PLAYING TIME: White Sox lineup; Yankees catchers

AMERICAN LEAGUE

Morel to bat second, Pierzynski fifth

New manager Robin Ventura announced that his 2012 lineup would include Brent Morel (3B, CHW) batting second and A.J. Pierzynski (C, CHW) in the five-hole.

Outside of a crazy September that was propelled by a 30% hr/f, Morel didn't really show much in his first full campaign to justify the additional AB that will come with batting second. He finished with a 5% bb% and puny .283 OBA to go along with his .245 BA and .366 Slg. While he showed improved contact skills (86%), the extra plate appearances may not result in much added production.

Pierzynski at least has displayed a consistent .400+ Slg over his career that one would associate with a middle-of-the-order lineup slot, but at 36, he's in fade mode: his PX hasn't cracked 90 since 2006 and his HR output has declined over that span as well, bottoming out at 8 in 2011. He's even better at making contact than Morel, with a rate of 90%+ the past three seasons.

Given the Sox's other options, perhaps this is the most optimal lineup arrangement—though it says a lot about their dearth of choices.

Stewart traded to Yankees, Cervelli demoted

The Yankees' catching carousel took another rotation on Wednesday, as the team acquired Chris Stewart (C, NYY) from the Giants for reliever George Kontos (RHP, SF). The 30-year-old Stewart was out of minor-league options and so was added to the 25-man roster at the expense of Francisco Cervelli (C, NYY), who was sent to Triple-A.

Stewart logged a career-high 162 AB in 2011 due to the injury to Buster Posey (C, SF), but his .204/.275/.309 line confirms that he has no fanalytic value. The move was made primarily from an organizational depth perspective, as prospect Austin Romine (C, NYY) has been battling a back injury all spring and is not yet ready to catch for the Yankees' Triple-A club.

Cervelli has spent parts of the past three seasons as the perfect fanalytic backup catcher: limited AB (484 total), but a respectable career BA (.272) despite the utter lack of secondary skills (in other words, no power or speed). He will certainly see some MLB time later this season, perhaps as soon as Romine is able to take on the Triple-A workload. Cervelli is not worth burning a reserve spot for at this point, but could be an adequate #2 fantasy catcher if he is recalled.

AL short takes

Updating a note from March 29, the Rays officially put B.J. Upton (OF, TAM) on DL to start the season, and word is that Jeff Keppinger (2B, TAM) will get ample time in the infield for now. His contact-only approach is not likely to help a fantasy roster ...

In a mild surprise, Alex Liddi (3B/1B, SEA) made 25-man roster instead of Carlos Peguero (OF, SEA). Liddi, who hit 3 HR in 40 AB during a late-season callup in 2011, impressed in camp this spring with a .370/.453/.587 line in the thin Arizona air. He did strike out in nearly a quarter of his AB, which has been one detriment to his development, but his ability to play both infield corner positions and having a RH power presence off the bench were cited as the reason for his winning the job. It's by no means a long-term assignment, given the current injuries to outfielders Mike Carp and Franklin Gutierrez, so Liddi's window for staying up with the big club could be short ...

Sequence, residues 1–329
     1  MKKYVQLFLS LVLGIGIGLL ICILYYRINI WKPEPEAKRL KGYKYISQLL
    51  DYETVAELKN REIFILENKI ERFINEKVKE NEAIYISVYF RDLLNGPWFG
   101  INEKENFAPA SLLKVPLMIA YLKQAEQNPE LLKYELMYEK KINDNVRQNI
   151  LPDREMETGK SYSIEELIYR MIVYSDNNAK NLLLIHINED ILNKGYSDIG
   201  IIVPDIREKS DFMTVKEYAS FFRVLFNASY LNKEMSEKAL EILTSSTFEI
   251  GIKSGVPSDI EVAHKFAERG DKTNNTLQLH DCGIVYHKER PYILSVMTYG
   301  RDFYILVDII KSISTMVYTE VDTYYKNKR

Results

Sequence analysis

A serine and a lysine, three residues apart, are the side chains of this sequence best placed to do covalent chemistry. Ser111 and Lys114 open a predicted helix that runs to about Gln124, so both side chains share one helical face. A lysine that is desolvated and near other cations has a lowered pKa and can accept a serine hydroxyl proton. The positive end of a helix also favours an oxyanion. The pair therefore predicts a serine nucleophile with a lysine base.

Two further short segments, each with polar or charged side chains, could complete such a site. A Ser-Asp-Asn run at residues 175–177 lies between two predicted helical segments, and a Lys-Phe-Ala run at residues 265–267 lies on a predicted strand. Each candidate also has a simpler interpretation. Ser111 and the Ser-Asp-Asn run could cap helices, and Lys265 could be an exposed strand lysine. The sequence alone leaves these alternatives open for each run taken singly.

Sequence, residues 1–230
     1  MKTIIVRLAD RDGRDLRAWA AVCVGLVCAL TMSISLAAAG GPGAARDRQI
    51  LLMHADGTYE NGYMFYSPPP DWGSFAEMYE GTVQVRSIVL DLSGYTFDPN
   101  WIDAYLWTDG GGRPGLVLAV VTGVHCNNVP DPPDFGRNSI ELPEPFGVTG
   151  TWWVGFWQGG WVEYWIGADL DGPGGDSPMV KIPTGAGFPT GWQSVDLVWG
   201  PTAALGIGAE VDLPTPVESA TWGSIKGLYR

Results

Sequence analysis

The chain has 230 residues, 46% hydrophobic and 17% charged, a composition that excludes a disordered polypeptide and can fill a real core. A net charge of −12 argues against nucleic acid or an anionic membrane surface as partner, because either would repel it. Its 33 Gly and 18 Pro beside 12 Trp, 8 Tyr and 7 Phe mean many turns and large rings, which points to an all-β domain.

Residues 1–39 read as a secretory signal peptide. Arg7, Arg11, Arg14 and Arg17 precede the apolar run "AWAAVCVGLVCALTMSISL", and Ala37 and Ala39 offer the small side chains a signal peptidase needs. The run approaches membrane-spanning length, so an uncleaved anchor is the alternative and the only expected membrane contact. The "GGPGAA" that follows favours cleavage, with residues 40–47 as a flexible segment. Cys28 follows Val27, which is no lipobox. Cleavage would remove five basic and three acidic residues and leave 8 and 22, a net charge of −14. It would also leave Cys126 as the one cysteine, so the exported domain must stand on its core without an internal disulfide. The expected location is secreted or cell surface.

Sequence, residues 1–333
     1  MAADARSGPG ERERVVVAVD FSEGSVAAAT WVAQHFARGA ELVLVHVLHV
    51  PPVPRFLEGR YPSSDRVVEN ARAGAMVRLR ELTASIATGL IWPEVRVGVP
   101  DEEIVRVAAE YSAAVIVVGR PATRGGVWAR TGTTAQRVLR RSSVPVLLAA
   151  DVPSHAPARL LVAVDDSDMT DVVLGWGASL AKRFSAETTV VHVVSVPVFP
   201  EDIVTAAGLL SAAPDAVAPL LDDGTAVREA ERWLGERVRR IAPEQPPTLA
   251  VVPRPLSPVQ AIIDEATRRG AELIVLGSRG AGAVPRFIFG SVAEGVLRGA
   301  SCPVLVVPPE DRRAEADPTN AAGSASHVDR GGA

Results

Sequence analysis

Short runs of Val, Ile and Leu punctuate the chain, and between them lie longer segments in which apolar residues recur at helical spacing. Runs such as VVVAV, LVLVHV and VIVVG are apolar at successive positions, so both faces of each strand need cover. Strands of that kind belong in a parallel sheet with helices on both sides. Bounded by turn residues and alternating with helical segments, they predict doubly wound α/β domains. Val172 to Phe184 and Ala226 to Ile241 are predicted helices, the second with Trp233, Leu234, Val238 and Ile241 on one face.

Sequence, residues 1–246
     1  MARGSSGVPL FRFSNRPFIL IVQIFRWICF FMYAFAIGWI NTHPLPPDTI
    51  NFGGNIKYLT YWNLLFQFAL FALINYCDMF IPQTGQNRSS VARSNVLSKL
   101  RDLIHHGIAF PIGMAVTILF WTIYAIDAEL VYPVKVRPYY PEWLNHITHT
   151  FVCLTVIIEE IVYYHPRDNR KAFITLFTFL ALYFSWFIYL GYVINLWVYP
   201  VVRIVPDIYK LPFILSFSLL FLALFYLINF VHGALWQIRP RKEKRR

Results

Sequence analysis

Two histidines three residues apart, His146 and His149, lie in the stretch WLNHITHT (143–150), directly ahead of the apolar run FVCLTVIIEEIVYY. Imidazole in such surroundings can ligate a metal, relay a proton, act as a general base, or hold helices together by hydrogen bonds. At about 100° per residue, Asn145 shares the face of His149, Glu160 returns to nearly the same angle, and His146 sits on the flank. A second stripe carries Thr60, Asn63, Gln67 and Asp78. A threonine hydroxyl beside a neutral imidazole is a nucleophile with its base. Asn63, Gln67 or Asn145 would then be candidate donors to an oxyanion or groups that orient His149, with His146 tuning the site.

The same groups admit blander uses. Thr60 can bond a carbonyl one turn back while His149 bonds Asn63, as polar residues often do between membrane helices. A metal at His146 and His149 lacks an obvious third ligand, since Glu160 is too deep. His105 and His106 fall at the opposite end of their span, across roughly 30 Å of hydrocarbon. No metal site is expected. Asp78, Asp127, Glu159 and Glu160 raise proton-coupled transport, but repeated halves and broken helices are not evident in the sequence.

The Royals announced Thursday that Jonathan Broxton (RHP, KC) would be the "primary" closer in Joakim Soria's (RHP, KC) absence. Broxton's spring numbers looked good—8 IP, 1 ER, 11 K, 4 BB—but Greg Holland's (RHP, KC) 14 K, 1 BB in 11.2 IP were just as impressive. Expect both to get some chances early on, though it seems as if Broxton's experience could be tipping the scales in his favor, at least to start ...

NATIONAL LEAGUE

DeRosa's scorching spring leads to Opening-Day assignment

Mark DeRosa (IF/OF, WAS) has taken advantage of several injuries in the Washington outfield and was the Nationals' Opening Day left fielder. DeRosa, beset by a three-year battle with a balky left wrist, made a statement that the injury is behind him. He completed a 16-for-35 (.457) March, with 11 walks and just 2 strikeouts. His ability to play the infield and outfield corners and .851 career OPS vs. LHP could mean significant playing time for the Nationals, at least in the early going.

He's had several seasons of double-digit HR when he's been able to corral 500-AB in one campaign—but that hasn't happened since 2009, and at 37 years old, the chance of it happening again are remote. But he could have some value as a 23rd man or a multi-positional reserve pick in NL only leagues.

Torres re-injures calf and heads to DL

Andres Torres (OF, NYM) re-aggravated his strained left calf on Thursday, and will likely miss at least three weeks, according to the team. Torres first injured it during a spring training game on March 20, but was deemed well enough to play Opening Day. He left the game in the seventh inning, and Scott Hairston (OF, NYM) replaced him.

Hairston is likely to gain AB due to the injury, though he's no picture of health, either. He only logged 20 Grapefruit League AB, mustering but one hit, due to a strained oblique. Hairston has put up some interesting power numbers over part-time AB in his career, but a BA-killing ct% and sub-30% hit rates have helped depress his value. If the past is any indication, any offensive burst will be short-lived.


Click here to subscribe

  For more information about the terms used in this article, see our Glossary Primer.